Campus COVID-19 Consolidation

The university has decided to shut down half of its dorms following the majority of residential students moving out when all non-essential classes switched to online.


Students Start to Relocate

University Housing has decided to shut down half of its residence halls. Now, one-third of students living on campus must relocate to the south side of the university. Those living in Temple Towers, White Hall and 1940 Residence Hall are packing up to move to Morgan Hall, Beech International Village and 1300 Residence Hall. 

“It’s a little bit of a pain, you know, having to move her,” Temple mother Susan Volovar said. “But she’s going into a great building and Sophia is certainly very happy about moving from this building to the Morgan building.”

The mid-semester move is an opportunity for students living alone to have new roommates. This is both exciting and concerning for the students and their families. 

“It’s inconvenient; however, my daughter is really excited about having roommates again because hers left and she wants to be with people,” Colleen Dietrich, a mother of a Temple freshman, said.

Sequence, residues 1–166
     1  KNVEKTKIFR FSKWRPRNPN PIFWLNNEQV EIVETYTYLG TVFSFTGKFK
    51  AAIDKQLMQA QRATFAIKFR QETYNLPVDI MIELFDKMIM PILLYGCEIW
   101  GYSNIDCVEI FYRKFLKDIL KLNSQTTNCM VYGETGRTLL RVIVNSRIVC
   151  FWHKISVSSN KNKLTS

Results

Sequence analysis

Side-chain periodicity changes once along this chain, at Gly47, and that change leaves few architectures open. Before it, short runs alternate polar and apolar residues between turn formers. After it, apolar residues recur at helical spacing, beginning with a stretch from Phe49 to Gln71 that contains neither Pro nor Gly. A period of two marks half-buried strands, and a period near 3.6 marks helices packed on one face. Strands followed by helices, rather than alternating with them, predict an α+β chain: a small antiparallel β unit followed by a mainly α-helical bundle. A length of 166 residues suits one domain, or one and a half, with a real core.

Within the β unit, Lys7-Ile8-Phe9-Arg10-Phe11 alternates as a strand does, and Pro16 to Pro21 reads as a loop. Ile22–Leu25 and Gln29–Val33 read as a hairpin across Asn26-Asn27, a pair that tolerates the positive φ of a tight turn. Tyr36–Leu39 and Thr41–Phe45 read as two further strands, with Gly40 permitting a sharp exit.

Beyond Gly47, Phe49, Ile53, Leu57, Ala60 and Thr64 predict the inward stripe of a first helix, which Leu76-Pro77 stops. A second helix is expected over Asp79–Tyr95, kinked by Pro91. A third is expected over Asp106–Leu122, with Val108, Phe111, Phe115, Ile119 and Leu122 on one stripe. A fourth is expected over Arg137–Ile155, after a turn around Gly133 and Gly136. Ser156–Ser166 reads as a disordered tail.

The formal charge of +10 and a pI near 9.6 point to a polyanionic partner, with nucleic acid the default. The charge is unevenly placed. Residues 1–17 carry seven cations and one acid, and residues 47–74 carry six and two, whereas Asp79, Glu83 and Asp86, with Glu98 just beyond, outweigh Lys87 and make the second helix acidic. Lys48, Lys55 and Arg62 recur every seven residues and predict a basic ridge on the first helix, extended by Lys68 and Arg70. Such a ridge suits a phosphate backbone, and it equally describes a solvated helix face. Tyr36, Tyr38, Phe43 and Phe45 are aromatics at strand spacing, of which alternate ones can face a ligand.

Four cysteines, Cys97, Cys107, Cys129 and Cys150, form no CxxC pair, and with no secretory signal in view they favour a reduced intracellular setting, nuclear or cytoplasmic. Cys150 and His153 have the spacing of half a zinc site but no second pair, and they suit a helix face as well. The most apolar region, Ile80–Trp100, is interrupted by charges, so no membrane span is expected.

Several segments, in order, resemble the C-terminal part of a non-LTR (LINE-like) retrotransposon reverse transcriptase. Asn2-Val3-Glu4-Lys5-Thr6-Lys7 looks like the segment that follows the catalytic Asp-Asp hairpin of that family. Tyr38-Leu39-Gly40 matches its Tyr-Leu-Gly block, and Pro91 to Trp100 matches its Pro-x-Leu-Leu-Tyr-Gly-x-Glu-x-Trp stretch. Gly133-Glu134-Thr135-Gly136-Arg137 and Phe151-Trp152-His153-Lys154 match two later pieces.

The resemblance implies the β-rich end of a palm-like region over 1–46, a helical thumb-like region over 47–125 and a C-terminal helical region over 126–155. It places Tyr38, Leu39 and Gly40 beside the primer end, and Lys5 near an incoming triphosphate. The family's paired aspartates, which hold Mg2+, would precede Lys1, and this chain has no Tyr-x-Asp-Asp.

Working to Meet the Needs of Students

Students and parents have mixed feelings about relocating but appreciate Temple’s willingness to work with their needs.

The new residence hall options did not work with senior Kayla Myers’s need to cook for her strict diet. Moving out of Temple Towers meant losing an oven and the ability to maintain a similar lifestyle. University Housing allowed Myers to move to The View at Montgomery after she voiced this concern.

“Temple was really accommodating when I kinda expressed my concerns that I wanted a similar room, so getting to The View, it was really nice,” Senior Kayla Myers said. “I’m very appreciative of Temple because it has everything I need. I still have my small individual space.”

Testing Not Required

Freshman Mara Tannenbaum is moving into 1300 Residence Hall to live with a high school friend. She trusts and knows her new roommate, but that is not the case for all students. Tannenbaum expressed her concerns about COVID-19 testing since it was not a requirement for the move. 

“I think everyone in every building should’ve gotten tested,” Tannenbaum said. “People living here didn’t have to get tested, just people moving in. So, I think that everyone should’ve maybe gotten tested.”

University Housing says the move will allow them to continue to provide safety and a residential community for students. Only about 1,200 students remain in university housing, which is a little over one-third of the initial number at the beginning of the semester.

The relocation process will finish up this weekend from October 9 to October 11. 

This article was co-written by Alexandra López-Carrión.

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